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Concert Performances of Operas

These were popular in the Albion Street Music Hall, long before Leeds had a theatre suitable for fully staged opera productions. Handel's 'Acis and Galatea' was performed in a double bill with Mendelssohn's unfinished opera, 'Loreley' in October 1854 and December 1855. Those taking part included Mrs. Sunderland (Brighouse-born soprano Susannah Sunderland was dubbed 'Yorkshire's Queen of Song') together with a full band and chorus of 120 performers. The overture and finale from Beethoven's 'Fidelio' was performed there on 11th January 1855, with vocalists Madame Newton Frodham, Mr. Miranda and Henric Jahns.

The Town Hall hosted a concert version of Wagner's 'The Flying Dutchman' in 1898, given by the Leeds Choral Union and Orchestra with 400 performers! The same forces gave the first Leeds performance of Mancinelli's opera, 'Hero and Leander' on February 8th, 1899. In 1926 the Choral Union, now conducted by Henry Coward gave a concert performance of Verdi's 'Aida'.

'A handsome concert version'
The Yorkshire Symphony Orchestra (1947-1955) featured a concert performance of Humperdinck's fairy tale opera Hansel and Gretel in their Town Hall Christmas and New Year programmes for several years. The YSO's first season concluded with "a handsome concert version" (Ernest Bradbury, Yorkshire Post) of Wagner's The Mastersingers of Nuremberg.

Sargent 'arranges' Aida
A civic orchestral concert in February 1958 was devoted to Sir Malcolm Sargent's concert arrangement of Verdi's Aida. Performers were the West Riding Opera Circle and Lemare Orchestra conducted by Brian Priestman. Principals included Amy Shuard as Aida and Walter Midgeley as Radames.
Concert versions such as Sargent's arrangement of Aida were usually abridged, with certain vocal numbers reallocated or omitted all together. A smaller cast of principal singers was therefore required than for a fully staged production in the opera house.

Semi-staged productions
Almost certainly, these occasions would have been in the static format of evening dress oratorio presentation i.e. with the soloists placed at the front of the stage to the right and left of the conductor. Nowadays, a semi-staged or dramatised concert format is favoured and a theatre director and lighting designer will conceive a production specifically for concert hall presentation. In 2001, Opera North memorably produced Wagner's Tristan und Isolde in a staging tailor-made for Leeds Town Hall. The fully costumed cast acted and sang their roles on stage, where the orchestra strings would normally be placed. Behind the cast and hidden from audience view by a scrim (gauze) the conductor, orchestra and chorus were positioned on the tiered choir seats (orchestra rise). Discreetly placed CCTV screens enabled the cast to see the conductor's gestures.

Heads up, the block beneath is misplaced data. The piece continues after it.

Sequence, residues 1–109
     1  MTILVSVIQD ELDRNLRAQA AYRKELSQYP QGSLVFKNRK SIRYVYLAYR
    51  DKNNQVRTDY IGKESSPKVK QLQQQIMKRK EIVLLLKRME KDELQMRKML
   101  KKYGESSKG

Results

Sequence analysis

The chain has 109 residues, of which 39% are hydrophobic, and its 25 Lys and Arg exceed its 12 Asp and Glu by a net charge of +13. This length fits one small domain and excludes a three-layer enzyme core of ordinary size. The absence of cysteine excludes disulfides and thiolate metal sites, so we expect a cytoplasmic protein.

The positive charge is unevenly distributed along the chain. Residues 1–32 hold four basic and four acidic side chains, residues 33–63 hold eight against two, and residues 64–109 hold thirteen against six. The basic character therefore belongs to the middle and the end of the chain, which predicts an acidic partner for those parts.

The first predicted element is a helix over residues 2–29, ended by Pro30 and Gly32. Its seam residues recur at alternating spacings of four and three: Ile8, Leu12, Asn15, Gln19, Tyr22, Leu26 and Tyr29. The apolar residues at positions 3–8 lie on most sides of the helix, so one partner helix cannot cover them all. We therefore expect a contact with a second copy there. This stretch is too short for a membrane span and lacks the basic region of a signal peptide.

Spectacular lighting effects
The following year, Opera North produced Stravinsky's opera/oratorio Oedipus Rex in Leeds Town Hall. This semi-staged concept, although not as ambitious as for Tristan, included spectacular lighting effects on the magnificent Town Hall organ pipes. The principals acted and sang their roles in formal evening dress, in the manner of presentation pioneered by Glyndebourne Festival Opera for their annual BBC Proms appearances at London's Royal Albert Hall since the 1960s.


Click images to enlarge
The Flying Dutchman, 1898
The Flying Dutchman, 1898
Aida, 1926
Aida, 1926
Hansel and Gretel, 1949
Hansel and Gretel, 1949
Mastersingers, 1948
Mastersingers, 1948
Tristan 2001,cast list
Tristan 2001,cast list
Tristan 2001,cast list
Tristan 2001,cast list




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© 2003 Leeds City Council | Site created by: LCC electronic information team | 25 March 2003